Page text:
This small loft apartment in Madrid has been designed by Spanish firm, Elii Architects. The apartment contains just 613 square feet of usable space and features some unusual but clever space-saving ideas built into its very walls, floors and ceiling.
The interior is a blank canvas. There’s next to no furniture or appliances other than the built-in kitchen, and bathroom. The result is a relatively stark space, that is, until you start to interact with the building by pulling on levers, winding winches, and pushing/sliding elements.
Throughout the apartment you’ll find a number of manual winches. Each of these winches can be used to reveal a hidden function or furniture piece that can transform the space into a “room” with a particular purpose. For example, in the kitchen the dining area drops down from the ceiling when it’s needed. Otherwise it can remain hidden, freeing up the kitchen space.
The interactive design allows the occupants to customize the interior layout, allowing it to be adapted for a number of functions and scenarios – feel like relaxing? Just pop up the hammock.
The existing space had to be renovated before it was suitable for use. The attic was cleared of all the existing elements, and turned into an open plan living space. The large heavy timber beams used to support the mansard roof also help to give it some character and context.
The center of the attic contains the stair system that provides access to the upper level, and contains shelving and storage units. It also serves to divide up the otherwise open plan layout. The mezzanine contains the bedroom – a rather simple affair with the mattress being laid directly on the floor, under a large skylight window. There’s also a sunken bathroom area with some features being accessed by lifting up floor panels.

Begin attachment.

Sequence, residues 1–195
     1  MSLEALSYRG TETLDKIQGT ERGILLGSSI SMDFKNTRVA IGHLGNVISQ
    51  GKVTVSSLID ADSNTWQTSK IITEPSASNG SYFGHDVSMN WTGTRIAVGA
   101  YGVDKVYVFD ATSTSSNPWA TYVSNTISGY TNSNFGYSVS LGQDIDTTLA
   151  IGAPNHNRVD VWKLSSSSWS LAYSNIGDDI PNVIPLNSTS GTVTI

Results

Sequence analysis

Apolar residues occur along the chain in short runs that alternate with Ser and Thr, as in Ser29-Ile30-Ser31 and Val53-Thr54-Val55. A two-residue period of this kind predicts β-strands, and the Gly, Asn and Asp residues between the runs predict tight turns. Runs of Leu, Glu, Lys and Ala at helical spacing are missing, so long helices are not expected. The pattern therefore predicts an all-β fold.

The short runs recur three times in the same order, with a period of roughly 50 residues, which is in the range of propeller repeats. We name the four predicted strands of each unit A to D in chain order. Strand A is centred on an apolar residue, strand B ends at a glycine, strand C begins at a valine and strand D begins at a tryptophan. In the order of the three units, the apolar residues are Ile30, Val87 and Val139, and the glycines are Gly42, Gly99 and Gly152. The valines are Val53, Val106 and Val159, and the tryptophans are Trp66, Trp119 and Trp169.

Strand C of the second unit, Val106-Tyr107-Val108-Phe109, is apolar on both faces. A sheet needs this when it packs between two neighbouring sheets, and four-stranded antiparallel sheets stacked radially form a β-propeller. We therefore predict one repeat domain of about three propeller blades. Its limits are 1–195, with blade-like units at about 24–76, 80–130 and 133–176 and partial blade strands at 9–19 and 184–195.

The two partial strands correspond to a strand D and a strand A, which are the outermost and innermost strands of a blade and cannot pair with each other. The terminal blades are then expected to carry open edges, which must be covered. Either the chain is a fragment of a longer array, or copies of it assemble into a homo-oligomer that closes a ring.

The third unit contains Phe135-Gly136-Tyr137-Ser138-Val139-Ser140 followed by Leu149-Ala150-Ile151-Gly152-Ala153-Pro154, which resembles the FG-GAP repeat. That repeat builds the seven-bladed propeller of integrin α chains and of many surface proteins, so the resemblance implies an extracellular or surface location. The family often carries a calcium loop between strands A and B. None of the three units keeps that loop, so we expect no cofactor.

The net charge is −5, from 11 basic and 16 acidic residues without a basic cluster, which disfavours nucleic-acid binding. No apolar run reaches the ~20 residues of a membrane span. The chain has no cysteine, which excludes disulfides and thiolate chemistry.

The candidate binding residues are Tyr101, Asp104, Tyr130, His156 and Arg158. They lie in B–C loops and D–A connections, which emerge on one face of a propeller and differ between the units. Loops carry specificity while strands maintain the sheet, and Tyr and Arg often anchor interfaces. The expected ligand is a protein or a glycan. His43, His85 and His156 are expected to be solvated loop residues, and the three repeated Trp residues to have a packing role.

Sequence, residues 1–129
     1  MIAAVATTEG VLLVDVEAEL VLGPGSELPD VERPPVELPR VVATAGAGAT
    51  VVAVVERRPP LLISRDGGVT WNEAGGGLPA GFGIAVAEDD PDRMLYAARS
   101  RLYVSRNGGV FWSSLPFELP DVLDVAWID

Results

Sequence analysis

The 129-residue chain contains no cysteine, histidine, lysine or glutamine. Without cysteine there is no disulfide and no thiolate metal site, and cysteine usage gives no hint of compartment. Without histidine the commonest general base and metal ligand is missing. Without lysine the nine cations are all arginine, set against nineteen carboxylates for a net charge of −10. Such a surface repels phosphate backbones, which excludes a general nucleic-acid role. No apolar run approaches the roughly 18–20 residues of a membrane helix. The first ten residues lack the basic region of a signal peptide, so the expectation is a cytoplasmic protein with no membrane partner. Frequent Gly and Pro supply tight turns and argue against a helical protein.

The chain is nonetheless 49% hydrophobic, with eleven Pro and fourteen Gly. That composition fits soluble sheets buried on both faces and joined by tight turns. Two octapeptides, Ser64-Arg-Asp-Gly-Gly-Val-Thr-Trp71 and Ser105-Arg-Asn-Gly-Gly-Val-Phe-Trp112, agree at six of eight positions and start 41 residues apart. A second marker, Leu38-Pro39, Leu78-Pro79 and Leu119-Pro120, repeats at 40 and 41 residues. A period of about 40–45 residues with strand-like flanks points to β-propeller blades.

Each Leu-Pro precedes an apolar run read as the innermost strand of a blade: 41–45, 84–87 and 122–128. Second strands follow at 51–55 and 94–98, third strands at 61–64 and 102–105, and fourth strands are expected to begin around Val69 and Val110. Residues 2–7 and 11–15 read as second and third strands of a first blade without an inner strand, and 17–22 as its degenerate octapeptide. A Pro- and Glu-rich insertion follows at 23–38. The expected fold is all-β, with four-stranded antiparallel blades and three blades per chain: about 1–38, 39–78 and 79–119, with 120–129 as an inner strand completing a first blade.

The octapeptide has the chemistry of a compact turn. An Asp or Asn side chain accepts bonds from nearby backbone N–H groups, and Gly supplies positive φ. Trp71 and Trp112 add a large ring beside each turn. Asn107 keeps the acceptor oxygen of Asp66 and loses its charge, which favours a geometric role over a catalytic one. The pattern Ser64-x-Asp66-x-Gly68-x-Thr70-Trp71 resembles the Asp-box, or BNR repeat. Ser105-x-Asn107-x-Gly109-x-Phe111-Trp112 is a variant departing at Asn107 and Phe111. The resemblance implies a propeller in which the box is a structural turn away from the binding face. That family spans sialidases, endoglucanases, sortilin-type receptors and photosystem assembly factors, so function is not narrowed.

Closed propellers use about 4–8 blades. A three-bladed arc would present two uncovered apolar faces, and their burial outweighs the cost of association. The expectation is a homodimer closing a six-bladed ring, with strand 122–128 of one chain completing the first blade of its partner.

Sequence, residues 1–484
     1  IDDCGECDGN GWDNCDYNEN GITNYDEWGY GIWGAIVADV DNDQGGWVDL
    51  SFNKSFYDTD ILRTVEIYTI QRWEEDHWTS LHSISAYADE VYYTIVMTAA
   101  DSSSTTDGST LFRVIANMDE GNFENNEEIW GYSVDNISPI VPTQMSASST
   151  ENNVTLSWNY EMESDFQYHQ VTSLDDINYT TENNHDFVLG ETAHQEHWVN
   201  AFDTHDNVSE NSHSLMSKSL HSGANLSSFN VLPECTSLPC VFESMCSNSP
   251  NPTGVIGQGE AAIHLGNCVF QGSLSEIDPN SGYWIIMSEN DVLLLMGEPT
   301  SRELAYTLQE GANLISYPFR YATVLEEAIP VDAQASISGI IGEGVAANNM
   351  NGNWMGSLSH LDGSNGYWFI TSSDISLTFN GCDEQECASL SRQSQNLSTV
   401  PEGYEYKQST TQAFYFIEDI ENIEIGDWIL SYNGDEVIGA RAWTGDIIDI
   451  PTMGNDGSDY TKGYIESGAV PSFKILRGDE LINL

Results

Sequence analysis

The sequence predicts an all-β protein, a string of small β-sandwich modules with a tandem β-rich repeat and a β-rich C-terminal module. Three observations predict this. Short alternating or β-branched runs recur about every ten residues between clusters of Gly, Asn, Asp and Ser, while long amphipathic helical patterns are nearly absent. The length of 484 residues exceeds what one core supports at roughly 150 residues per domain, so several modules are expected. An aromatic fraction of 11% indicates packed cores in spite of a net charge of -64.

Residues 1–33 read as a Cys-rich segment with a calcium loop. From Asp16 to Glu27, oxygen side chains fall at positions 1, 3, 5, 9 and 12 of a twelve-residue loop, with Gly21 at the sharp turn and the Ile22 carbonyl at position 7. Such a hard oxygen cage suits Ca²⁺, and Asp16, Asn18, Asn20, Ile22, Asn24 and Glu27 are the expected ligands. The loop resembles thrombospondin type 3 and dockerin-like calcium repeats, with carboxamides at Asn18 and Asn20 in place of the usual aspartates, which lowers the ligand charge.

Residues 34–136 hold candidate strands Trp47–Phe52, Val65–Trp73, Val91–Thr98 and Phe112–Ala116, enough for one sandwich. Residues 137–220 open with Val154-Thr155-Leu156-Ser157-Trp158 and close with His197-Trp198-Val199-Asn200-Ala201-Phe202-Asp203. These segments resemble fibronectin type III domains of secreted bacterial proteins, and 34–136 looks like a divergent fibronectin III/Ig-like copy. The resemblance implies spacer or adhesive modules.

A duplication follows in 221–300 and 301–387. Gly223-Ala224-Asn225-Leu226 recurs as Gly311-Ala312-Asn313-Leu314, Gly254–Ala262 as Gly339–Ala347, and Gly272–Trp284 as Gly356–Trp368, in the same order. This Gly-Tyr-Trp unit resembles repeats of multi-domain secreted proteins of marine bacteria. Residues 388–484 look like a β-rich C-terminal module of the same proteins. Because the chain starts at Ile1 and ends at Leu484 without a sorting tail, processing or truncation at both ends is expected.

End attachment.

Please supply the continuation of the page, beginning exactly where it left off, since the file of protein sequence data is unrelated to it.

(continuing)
The main living area can be divided by sliding-out the translucent partition walls, creating a sense of privacy if needed. Similarly the space can be opened up for social functions allowing for ease of interaction between the occupants. Another bathroom (with a toilet and shower) can be found on the main level, just past the kitchen.
Often the ceiling finish material (OSB) serves as the surface for an item of furniture, like the suspended dining table and its bench. Storage shelves for both the owners and guests have been incorporated into the ceiling, and are accessed by simply pulling on them.
While I’m not particularly taken with the finish, I do love the idea behind this project. Why shouldn’t the rooms within our homes be more interactive? A little extra effort is usually required with small houses, especially if they’re multifunctional spaces, that need to adjusted to suit our needs at a given time. I personally don’t think this is a disadvantage (there are probably some minor health benefits too), although it may not be a suitable approach for people with certain disabilities, or for the older generation.
UPDATE: After reading Christopher’s comment below, I’ve included a video of the apartment – enjoy!
For more spaces and small houses check out this modern home that’s been designed by LLP Arkitekkontor for a young Swedish family. Or you could have a look at Green Project Zero’s fun contemporary living space addition. See all small houses.
Via Design Boom
Photos: Miguel de Guzman
Nice, but the article is useless without a good video.
Christopher – Video now included! :)
I like the idea, but agree that the “beaver puke” finish leaves a lot to be desired.
this video just advertised that sitting in your stairwell on a laptop is an attractive desk option.
so… food’s definitely going to be falling off that table 0_0
This was so cool! I love all the floor built in’s. What a fun place.